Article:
Confusing Plot/Boring Plot– It’s important to keep your plot organized, but also have it be exciting. If I have no idea what’s going on and can’t keep up with all the subplots infesting your primary plot, I will get tired of trying and give up. If I’m spending the entire time waiting for something exciting to happen, I’ll just get tired. The dreams I have while taking a nap will probably be way more entertaining.

Excessive Profanity– A good curse in dialogue is fine. A well-placed curse can even put emphasis on a crisis or make your audience laugh. However, dialogue is usually where curses should be limited. You don’t need to curse excessively in your narration, even if you’ve gone first person. A little emphasis is fine, but when every few sentences contains a curse, I don’t feel like I’m reading a professionally written piece. I feel like I’m reading the minutes of a fourteen year old boy’s Xbox session.

Cliches Galore– If I can guess everything that’s likely to happen in your story based solely on a summary and come out with a 90% accuracy rating, you’ve got a problem. Readers like to be surprised and to see new things. Predictability can leave your readers bored. We’re along to watch the struggle, not roll our eyes at obvious solutions or static characters and settings.

Preaching – There’s a difference between delivering a lesson and using a character as a mouthpiece to voice your opinions loudly and as if they are correct. Proper lessons are taught through character development and subplots (and even the actual plot, depending on your story). If I feel like I’m listening to an aggressive sermon, telling me about how this is bad and if you do it you are bad, I will stop listening.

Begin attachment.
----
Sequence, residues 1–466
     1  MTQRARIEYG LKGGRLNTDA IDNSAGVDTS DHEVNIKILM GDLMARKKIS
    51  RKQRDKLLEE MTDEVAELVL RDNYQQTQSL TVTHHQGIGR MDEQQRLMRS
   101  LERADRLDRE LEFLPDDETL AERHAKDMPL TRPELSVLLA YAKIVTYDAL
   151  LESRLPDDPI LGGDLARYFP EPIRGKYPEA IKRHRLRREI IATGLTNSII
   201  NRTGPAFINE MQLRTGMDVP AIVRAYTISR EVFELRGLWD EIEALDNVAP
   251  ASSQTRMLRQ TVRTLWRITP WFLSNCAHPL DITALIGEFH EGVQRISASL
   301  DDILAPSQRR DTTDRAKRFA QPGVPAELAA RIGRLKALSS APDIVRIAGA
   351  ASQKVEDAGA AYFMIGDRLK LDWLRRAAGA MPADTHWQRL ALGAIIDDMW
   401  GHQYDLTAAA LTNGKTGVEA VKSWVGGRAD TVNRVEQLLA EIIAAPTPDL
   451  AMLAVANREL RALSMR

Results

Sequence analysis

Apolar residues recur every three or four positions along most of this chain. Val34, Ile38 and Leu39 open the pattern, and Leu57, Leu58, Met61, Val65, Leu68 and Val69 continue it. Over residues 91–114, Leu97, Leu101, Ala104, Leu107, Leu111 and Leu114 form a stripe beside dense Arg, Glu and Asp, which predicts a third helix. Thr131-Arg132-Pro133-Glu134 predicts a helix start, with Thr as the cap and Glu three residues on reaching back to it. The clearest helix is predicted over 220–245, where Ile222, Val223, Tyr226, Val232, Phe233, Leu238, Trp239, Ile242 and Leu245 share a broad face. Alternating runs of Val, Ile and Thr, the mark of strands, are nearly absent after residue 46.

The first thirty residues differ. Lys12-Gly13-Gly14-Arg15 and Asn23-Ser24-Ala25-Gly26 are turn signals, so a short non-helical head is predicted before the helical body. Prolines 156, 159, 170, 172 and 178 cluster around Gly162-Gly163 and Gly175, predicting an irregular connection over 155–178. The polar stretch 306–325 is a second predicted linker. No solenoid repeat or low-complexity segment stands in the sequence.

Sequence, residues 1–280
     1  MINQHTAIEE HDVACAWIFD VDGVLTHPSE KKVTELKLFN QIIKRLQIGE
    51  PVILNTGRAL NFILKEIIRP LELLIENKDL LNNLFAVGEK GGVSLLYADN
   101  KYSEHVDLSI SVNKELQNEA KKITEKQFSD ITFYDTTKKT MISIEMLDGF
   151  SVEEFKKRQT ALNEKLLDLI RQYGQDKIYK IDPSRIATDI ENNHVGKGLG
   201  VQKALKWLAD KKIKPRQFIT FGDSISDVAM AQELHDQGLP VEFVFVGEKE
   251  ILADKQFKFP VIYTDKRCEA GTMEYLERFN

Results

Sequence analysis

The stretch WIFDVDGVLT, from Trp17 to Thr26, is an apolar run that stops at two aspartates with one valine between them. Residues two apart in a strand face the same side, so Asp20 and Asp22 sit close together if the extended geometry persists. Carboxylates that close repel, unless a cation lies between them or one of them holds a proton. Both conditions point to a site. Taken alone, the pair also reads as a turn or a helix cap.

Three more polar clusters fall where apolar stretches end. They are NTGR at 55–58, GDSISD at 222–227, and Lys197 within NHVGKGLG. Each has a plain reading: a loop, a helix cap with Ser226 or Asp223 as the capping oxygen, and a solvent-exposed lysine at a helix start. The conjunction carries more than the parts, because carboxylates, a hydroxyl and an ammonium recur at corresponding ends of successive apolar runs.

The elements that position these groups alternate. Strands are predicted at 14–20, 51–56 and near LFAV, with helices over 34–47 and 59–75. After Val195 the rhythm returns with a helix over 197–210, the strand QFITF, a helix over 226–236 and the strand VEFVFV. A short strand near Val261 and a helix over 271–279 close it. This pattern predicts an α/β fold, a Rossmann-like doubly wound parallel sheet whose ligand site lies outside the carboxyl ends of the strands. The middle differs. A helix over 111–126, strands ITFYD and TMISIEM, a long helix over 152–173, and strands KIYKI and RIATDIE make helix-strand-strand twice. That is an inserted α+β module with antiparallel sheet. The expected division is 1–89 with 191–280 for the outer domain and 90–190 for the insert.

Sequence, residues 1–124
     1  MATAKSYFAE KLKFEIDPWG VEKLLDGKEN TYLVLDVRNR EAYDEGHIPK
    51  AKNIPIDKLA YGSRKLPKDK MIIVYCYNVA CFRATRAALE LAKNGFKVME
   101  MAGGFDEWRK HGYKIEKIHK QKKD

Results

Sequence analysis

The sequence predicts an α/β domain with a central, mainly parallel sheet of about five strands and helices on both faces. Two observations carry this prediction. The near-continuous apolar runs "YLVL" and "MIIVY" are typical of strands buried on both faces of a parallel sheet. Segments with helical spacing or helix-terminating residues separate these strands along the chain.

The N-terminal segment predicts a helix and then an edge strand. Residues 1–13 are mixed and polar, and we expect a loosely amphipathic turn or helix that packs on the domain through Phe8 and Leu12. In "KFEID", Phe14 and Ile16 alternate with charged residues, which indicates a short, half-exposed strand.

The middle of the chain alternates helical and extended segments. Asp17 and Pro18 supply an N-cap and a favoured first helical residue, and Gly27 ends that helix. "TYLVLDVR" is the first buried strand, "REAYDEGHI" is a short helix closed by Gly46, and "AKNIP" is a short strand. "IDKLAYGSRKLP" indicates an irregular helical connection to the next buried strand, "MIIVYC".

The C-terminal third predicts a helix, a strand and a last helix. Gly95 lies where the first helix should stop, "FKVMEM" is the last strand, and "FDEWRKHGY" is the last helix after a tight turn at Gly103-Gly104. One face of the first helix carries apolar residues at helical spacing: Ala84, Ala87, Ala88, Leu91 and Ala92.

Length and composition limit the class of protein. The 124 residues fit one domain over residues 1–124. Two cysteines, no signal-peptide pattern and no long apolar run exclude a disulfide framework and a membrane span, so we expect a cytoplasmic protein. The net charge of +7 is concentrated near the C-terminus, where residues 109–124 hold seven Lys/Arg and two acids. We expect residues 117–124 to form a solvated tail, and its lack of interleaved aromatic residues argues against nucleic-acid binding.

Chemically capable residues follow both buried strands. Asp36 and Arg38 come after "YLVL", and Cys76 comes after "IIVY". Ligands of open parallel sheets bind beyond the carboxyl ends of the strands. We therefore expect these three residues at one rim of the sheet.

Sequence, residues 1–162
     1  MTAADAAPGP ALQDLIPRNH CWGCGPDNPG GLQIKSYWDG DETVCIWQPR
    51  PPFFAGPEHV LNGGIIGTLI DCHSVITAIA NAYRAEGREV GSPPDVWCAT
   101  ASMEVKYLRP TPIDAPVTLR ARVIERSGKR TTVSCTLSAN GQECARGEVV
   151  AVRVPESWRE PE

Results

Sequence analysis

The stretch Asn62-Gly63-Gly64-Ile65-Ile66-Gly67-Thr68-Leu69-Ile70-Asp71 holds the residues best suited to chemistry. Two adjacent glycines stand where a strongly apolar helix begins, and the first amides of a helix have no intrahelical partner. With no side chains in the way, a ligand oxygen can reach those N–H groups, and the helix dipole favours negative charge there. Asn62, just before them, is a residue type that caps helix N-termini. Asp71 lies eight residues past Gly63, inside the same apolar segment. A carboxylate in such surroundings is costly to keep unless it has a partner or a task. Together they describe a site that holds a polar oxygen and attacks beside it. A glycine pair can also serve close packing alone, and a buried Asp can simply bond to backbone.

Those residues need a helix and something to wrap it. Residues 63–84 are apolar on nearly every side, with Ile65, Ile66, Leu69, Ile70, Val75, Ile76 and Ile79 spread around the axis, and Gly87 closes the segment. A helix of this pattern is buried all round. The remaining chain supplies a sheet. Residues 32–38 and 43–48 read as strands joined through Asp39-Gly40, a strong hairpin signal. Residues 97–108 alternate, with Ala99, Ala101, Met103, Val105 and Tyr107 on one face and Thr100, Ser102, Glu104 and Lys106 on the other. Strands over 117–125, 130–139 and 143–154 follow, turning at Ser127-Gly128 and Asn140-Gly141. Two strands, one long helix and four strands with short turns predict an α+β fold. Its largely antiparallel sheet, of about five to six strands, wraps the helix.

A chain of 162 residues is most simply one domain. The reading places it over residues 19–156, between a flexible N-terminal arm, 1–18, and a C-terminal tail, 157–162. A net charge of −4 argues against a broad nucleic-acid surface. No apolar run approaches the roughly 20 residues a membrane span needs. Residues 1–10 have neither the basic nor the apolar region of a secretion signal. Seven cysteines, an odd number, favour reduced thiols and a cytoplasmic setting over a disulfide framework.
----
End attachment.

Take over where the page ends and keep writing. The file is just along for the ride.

General Discomfort– I once stopped reading a book with an interest plot, good form, and pretty good characters. My reason? Several scenes involving minor characters came off as exceedingly racist. Was this intentional on the author’s part? I have no idea, but writers, make sure you really look what you’re writing. You don’t want to alienate your audience with unintentional prejudice.

And if your prejudice is intentional? Then you deserve to lose readership.

Too many combinations of these will also result in a loss of interest, but for some people only certain combinations will do it. You could be fine with bland characters as long as the story is good. You might enjoy a cliche storm that you need not think too much about.

But as a general note, trying to avoid these issues will be the first step in keeping your readers engaged.

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Childhood Twists Sometimes Need A Tweak

Back in the 90s, I was a Pokemon kid. Like most in my age group, the Catch ’em All mentality was prevalent in my collection of cards, toys, and games. Unlike Sailor Moon before it, Pokemon served as an anime gateway drug for me. And like many kids, once Pokemon started to lose my interest, I turned to Digimon.

Now, I watched Digimon for many years, up until it started getting weird(er) and the kids no longer each had their own Digimon partner. I loved the heck out of the first series and quickly came in for the second. It was a semi-new team. Three new kids with newly designed Digimon and two from the first series, aged from children to pre-teens. I got some new, some old, and a continuation of the story, so I was excited!